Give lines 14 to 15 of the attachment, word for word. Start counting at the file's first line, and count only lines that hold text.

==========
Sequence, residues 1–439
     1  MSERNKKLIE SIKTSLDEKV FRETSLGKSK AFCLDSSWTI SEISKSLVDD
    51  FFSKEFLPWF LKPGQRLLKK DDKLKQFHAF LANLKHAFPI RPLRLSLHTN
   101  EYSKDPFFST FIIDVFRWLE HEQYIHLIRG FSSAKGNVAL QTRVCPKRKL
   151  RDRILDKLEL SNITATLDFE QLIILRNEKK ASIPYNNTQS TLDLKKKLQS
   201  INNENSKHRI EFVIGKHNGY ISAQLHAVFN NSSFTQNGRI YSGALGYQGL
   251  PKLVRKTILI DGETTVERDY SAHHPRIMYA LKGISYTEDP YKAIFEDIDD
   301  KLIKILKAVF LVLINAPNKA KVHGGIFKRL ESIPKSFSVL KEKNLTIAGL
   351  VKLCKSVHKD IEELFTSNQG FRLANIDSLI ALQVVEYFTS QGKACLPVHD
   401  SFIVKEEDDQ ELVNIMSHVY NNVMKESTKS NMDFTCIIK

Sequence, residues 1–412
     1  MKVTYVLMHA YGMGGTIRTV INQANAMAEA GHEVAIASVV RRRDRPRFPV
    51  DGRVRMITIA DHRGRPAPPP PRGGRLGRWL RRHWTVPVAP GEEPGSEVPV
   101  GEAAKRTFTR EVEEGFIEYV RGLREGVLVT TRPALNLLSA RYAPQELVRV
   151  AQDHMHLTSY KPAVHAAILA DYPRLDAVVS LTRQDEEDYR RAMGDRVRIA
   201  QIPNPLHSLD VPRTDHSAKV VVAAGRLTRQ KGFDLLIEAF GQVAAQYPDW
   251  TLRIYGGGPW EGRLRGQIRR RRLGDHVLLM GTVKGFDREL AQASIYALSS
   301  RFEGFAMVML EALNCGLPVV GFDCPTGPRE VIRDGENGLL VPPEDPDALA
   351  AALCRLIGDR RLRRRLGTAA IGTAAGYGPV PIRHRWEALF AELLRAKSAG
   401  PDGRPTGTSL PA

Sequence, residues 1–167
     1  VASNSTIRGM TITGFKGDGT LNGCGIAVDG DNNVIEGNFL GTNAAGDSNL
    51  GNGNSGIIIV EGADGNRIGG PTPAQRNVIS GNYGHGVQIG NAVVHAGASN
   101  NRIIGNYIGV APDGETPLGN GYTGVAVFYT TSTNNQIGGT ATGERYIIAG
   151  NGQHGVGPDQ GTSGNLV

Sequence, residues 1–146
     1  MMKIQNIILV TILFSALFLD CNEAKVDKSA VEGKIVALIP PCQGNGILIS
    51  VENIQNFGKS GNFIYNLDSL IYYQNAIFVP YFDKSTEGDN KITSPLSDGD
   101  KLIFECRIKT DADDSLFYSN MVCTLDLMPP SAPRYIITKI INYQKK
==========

   101  GEAAKRTFTR EVEEGFIEYV RGLREGVLVT TRPALNLLSA RYAPQELVRV
   151  AQDHMHLTSY KPAVHAAILA DYPRLDAVVS LTRQDEEDYR RAMGDRVRIA